Feeds

Jupiter's Io a hotbed of lava

Moon's OCEAN of MAGMA drives spectacular volcanism

Security for virtualized datacentres

Scientists perusing data from NASA's Galileo spacecraft have concluded that the spectacular volcanism displayed by Jupiter's moon Io is caused by a substantial subsurface magma ocean.

A team from the University of California and the University of Michigan looked at "unexplained signatures [which] appeared in magnetic field data from Galileo flybys of Io in October 1999 and February 2000".

These signatures suggested the presence of "ultramafic" igneous rocks, which are "capable of carrying substantial electrical current when melted". NASA explains: "Tests showed that the signatures detected by Galileo were consistent with a rock such as lherzolite, an igneous rock rich in silicates of magnesium and iron found in Spitzbergen, Norway."

The scientists have estimated that Io's magma ocean is some 50km (30 miles) thick, and bubbling away at a temperature above 1,200°C. Its presence under a low-density crust of around 30 to 50km (20 to 30 miles) explains why the moon's volcanoes are dotted all over its surface, rather than in "localised hotspots" as happens at the boundaries of Earth's tectonic plates.

NASA image of Io

Torrence Johnson, a former Galileo project scientist, said of Io's hotbed of lava: "It has been suggested that both the Earth and its moon may have had similar magma oceans billions of years ago at the time of their formation, but they have long since cooled.

"Io's volcanism informs us how volcanoes work and provides a window in time to styles of volcanic activity that may have occurred on the Earth and moon during their earliest history," Johnson said.

The findings are published in this week's Science (subscription required for the full-fat article). ®

Internet Security Threat Report 2014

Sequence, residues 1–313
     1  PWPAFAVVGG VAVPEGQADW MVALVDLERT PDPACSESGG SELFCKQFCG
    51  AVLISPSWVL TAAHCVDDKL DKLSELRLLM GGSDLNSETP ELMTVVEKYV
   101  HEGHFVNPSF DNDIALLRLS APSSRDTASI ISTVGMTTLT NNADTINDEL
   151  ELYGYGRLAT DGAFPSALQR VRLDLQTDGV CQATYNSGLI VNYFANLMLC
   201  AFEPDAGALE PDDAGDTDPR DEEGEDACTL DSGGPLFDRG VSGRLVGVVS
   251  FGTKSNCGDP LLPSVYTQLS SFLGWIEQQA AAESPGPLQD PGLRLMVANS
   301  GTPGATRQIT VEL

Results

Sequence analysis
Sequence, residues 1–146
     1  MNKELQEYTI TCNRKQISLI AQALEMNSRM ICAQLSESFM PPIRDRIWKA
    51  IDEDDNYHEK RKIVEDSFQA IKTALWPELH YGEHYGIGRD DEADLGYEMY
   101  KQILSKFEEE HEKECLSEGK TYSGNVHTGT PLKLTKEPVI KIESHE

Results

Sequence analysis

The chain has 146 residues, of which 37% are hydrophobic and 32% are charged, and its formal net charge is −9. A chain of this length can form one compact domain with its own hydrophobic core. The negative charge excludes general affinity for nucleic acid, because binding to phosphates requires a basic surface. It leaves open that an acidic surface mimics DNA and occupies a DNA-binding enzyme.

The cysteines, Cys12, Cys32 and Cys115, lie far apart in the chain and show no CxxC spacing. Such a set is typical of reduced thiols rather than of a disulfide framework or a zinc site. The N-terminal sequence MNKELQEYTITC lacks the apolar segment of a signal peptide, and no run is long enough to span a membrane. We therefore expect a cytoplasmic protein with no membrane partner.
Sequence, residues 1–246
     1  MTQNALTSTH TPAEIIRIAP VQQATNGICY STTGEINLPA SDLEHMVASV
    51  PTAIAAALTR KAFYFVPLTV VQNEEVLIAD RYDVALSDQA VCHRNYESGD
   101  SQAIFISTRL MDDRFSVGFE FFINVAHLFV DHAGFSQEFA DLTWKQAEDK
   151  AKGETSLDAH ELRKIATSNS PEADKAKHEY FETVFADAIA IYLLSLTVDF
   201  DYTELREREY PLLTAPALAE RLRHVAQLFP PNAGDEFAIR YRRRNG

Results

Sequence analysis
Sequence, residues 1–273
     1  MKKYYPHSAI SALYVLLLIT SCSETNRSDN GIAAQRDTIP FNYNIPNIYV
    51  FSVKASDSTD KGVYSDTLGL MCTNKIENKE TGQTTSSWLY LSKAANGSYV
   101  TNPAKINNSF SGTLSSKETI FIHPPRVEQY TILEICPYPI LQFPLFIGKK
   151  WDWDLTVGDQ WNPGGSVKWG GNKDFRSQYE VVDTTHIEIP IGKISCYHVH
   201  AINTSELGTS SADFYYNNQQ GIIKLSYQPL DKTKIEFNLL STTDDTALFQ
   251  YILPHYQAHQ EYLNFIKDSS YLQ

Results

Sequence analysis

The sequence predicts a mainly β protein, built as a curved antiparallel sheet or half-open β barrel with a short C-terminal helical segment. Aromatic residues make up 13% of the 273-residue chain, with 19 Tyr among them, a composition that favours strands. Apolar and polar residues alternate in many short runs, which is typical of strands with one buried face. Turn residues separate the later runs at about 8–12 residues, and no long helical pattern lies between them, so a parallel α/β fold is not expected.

More from The Register

next story
SECRET U.S. 'SPACE WARPLANE' set to return from SPY MISSION
Robot minishuttle X-37B returns after almost 2 years in orbit
LOHAN crash lands on CNN
Overflies Die Welt en route to lively US news vid
'Utter killjoy Reg hacks have NEVER BEEN LAID', writes a fan
'Shuddit, smarty pants!' Some readers reacted badly to our last Doctor Who review ...
Experts brand LOHAN's squeaky-clean box
Phytosanitary treatment renders Vulture 2 crate fit for export
Carry On Cosmonaut: Willful Child is a poor taste Star Trek parody
Cringeworthy, crude and crass jokes abound in Steven Erikson’s sci-fi debut
White LED lies: It's great, but Nobel physics prize-winning great?
How artificial lighting could offer an artificial promise
prev story

Whitepapers

Forging a new future with identity relationship management
Learn about ForgeRock's next generation IRM platform and how it is designed to empower CEOS's and enterprises to engage with consumers.
Win a year’s supply of chocolate
There is no techie angle to this competition so we're not going to pretend there is, but everyone loves chocolate so who cares.
Why cloud backup?
Combining the latest advancements in disk-based backup with secure, integrated, cloud technologies offer organizations fast and assured recovery of their critical enterprise data.
High Performance for All
While HPC is not new, it has traditionally been seen as a specialist area – is it now geared up to meet more mainstream requirements?
Saudi Petroleum chooses Tegile storage solution
A storage solution that addresses company growth and performance for business-critical applications of caseware archive and search along with other key operational systems.